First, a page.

It’s been almost exactly a year since I posted one of the brief videos of the artist Zimoun’s tactile, economical, kinetic sculptures, sculptures whose impact — humorous, touching, majestic — is so out of proportion with the modest material from which they are constructed. Here’s a new one, posted today. A short video such as this is how Zimoun announces a newly installed work. Its title, as is generally the case for Zimoun, is little more than a list of the components, here “51 prepared dc-motors, 189 m rope, cardboard sticks 30 cm,” followed by the year of production: “2019.” The footage is a view from the Museum of Contemporary Art MAC, Santiago de Chile. And it’s not even 40 seconds long.
Vimeo, unlike YouTube, doesn’t have an easy way to allow for looped, repeated viewing, but you’ll be drawn in and hitting repeat almost for certain. Watch as the tiny cardboard sticks dance around in circles, suspended like the most rudimentary conception of a marionette. Their balletic footsteps suggest Amazonian rainfall: cardboard drops on a cold concrete floor.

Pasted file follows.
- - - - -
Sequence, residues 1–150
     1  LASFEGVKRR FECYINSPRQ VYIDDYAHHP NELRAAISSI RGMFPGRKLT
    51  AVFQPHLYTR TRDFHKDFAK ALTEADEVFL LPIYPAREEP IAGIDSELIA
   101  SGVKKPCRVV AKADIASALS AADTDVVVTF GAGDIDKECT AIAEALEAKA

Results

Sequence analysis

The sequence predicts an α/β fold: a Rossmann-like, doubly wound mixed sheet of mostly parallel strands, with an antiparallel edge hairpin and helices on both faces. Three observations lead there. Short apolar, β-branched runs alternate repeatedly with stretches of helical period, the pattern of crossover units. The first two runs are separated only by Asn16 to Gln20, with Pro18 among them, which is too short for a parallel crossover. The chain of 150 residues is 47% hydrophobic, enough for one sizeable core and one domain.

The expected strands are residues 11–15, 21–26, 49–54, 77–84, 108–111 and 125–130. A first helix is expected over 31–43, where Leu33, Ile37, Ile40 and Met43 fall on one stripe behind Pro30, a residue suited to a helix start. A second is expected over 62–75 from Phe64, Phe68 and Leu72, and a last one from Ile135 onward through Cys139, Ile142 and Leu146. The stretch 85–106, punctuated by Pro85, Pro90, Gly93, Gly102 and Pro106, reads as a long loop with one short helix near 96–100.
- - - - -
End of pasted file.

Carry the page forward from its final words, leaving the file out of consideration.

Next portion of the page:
Part of the beauty of Zimoun’s videos is how the sound is and isn’t in sync with what we see. The video cuts from one view to another: a closeup, giving us a sense of the mechanisms, a fuller one to give a sense of scale, a room view for sense of scope. Throughout the cardboard raindrops fall.